But what if the United States is in a recession? That would be represented by a production level somewhere inside the curve where they're not actually producing a maximum combination. That means that some resources are unemployed. The economy's operating at less than capacity.
If we were focusing all on production of cars, now if we go back to producing textiles, we could really utilize currently unemployed workers and other resources. So in a way, there really isn't an opportunity cost with doing that. This trade off situation is kind of void because with unemployment, we don't have to give anything up to produce textiles. There are people who want jobs and don't have them. So producing textiles domestically could actually raise US GDP now.
Remember, unemployment is defined as the percentage rate of the number of individuals that would like to work, are an active part of the labor force, to the number of individuals that comprise the active labor force. So if we have people going unutilized, so they're unemployed, they want to work. And if we start producing textiles, we could employ those currently unemployed people.
So since the idea of comparative advantage no longer applies, this situation presents an argument then for a nation to set up trade barriers. And trade barriers are all about protecting a domestic industry from competition. They're defined as barriers to free market pricing set in place to confer advantage of a country. And examples include things like taxes and subsidies.
So I just kind of outlined the different trade barriers that the different forms they can take. Taxes-- so if we placed taxes on imported textiles, we make them more expensive, enticing people to buy domestically. If we pay subsidies, that provides domestic producers with payments to give them an advantage over foreign competition. And quotas actually restrict the amount of foreign textile imports allowed. And so it's like a quantity ceiling, a maximum amount allowed to be imported.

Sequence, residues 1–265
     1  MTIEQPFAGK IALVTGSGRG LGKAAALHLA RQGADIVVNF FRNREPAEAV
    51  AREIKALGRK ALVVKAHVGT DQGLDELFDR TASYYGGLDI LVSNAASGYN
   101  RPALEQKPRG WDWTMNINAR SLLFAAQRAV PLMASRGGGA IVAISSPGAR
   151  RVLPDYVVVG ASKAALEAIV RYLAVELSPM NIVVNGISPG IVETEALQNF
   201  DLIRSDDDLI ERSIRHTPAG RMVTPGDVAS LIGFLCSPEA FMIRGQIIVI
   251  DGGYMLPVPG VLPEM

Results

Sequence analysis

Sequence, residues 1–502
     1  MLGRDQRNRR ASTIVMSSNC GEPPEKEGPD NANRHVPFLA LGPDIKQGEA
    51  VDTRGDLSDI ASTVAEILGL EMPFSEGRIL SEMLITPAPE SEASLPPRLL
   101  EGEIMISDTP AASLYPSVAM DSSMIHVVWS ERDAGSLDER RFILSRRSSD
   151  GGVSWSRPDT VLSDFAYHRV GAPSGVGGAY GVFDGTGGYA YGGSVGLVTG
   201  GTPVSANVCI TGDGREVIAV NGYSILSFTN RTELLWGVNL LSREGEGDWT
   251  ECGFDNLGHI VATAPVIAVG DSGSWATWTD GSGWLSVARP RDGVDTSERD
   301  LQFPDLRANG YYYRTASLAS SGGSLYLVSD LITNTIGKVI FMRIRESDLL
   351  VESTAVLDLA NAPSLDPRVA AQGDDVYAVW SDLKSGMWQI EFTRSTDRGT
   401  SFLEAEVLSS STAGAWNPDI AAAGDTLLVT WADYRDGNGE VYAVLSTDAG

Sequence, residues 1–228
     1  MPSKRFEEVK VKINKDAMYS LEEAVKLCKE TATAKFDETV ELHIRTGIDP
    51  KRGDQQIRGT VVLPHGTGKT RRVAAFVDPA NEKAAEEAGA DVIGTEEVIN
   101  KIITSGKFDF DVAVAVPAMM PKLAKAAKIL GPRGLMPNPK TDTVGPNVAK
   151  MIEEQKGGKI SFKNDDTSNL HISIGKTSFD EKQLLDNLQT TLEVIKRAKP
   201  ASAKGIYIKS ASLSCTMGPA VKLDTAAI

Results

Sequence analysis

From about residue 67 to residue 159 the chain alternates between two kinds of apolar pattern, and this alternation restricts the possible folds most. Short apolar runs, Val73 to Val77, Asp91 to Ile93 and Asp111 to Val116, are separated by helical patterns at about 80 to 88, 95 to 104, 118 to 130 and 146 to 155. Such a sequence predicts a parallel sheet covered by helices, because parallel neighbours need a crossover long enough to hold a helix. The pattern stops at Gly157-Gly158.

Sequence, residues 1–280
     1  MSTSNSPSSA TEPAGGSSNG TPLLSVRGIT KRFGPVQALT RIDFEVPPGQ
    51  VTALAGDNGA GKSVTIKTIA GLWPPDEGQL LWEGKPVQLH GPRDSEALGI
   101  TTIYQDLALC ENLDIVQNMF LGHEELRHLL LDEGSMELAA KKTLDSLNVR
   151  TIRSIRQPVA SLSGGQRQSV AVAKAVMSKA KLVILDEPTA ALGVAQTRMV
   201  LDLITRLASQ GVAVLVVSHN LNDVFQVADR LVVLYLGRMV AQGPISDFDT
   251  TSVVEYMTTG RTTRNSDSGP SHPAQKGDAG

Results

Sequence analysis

So are trade barriers good or bad? Well, much disagreement on this. People think different things.
One of the things that we can pretty much say is when an economy is fully employed, trade barriers are pretty unnecessary, and they're counterproductive if you follow those theories of comparative advantage and gains from trade, because free trade and specialization then allows for resources to be used the most efficiently. Free trade helps economies fully employed to achieve economic growth and move beyond their previous production capacities, as we've shown. But as we just talked about with high unemployment, trade barriers can actually benefit a domestic economy by utilizing workers in other resources that are currently unemployed.
Critics, though, point out that trade barriers still have some issues. Some say they're just bad for the global economy overall. Others say they only really just serve special interest groups, like specific industries that are lobbying for protection from foreign competition. They can reduce the incentive for domestic firms to produce more efficiently.
Whenever we put up trade barriers, we're reducing competition. And then firms domestically don't have the incentive to do it better, do it for less expensive, et cetera. And then finally, once you put up trade barriers, it's pretty difficult to remove them once the economy has improved. Because again, industries get really used to those trade barriers being there for them.
So in this tutorial, we talked about how people and nations benefit when they specialize in whatever they enjoy the comparative advantage in in trade. And when economies are fully employed, gains from trade are obvious. However, when an economy has unemployment, it can benefit from some of those trade barriers.
Thanks so much for listening. Have a great day.
Advantage conferred with a country to one good's production relative to another.
Defined as equal to the point at which an economy exhibits natural rate of unemployment; occurs when the economy is at its long run supply capacity.
The sacrifice made by choosing one value or opportunity over another; the value of the forgone opportunity.
Barriers to free market pricing set in place to confer advantage of a country; examples include taxes and subsidies.
Measured as a percentage rate of the number of individuals that would like to work and are an active part of the labor force to the number of individuals that comprise the active labor force.